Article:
There was some convergence between market expectations of steady monetary policy on the part of the Bangko Sentral ng Pilipinas (BSP) and its two recent pronouncements.
Before the weekend, BSP Governor Ben Diokno was quoted saying “the BSP will continue to focus on keeping its monetary policy stance supportive of the government’s initiatives to address the effects of the pandemic, for as long as necessary, until the economic recovery gets underway.” This is a fair comment considering that the US Federal Reserve Board issued some forward guidance that it could accommodate its current policy settings until 2023. This will also help the BSP keep domestic liquidity in dizzying quantity amounting to P2.2 trillion or 12% of GDP.
Two days ago, the BSP was again reported declaring that “the Fed rate hikes are seven quarters away. The Philippine government should continue with its game-changing Build, Build, Build program and its structural reforms pending in Congress.” The monetary authorities discount the possible threat of an early monetary normalization in the US.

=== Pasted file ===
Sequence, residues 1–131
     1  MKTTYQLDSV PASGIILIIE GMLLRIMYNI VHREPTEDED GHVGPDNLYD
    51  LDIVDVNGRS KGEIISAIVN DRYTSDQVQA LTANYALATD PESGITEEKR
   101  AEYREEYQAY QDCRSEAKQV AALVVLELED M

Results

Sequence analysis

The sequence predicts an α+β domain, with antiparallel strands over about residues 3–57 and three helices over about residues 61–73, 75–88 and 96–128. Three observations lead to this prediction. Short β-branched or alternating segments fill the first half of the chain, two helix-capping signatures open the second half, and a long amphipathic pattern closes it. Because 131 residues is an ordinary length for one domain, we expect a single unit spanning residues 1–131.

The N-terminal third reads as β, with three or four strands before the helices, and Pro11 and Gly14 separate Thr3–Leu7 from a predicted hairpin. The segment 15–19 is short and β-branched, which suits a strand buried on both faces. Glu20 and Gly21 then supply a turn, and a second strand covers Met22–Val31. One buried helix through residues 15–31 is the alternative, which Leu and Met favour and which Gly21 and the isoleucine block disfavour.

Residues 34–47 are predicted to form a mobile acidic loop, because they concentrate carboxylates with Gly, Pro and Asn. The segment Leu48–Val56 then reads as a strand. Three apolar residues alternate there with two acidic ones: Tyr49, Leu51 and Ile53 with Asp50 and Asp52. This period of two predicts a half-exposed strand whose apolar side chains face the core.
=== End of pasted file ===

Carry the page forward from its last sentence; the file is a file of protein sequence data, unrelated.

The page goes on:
The BSP therefore believes that the required interest rate adjustment could wait. After all, the Philippine macroeconomy has sound fundamentals and a “Fed rate hike in 2023 is less of a threat to the Philippine economy compared to other developing and emerging economies.”
The BSP could not have put on a braver face.
Market analysts, being generally backward-looking, took the hint and 14 out of 16 analysts polled projected the BSP would keep its policy rate steady. One outlier indicated a possible easing by 25 basis points even as the current policy rate is already below the 4.4% actual average inflation rate for the first five months.
The other outlier expected tightening by 25 basis points. As if a rebuke, one among the herd issued an incredible warning that “a calibration of rate settings at this point would derail the very fragile recovery and only delay the economy’s bounce back.” He must have an incurable faith in the signaling effect of a thin slice of a rate adjustment.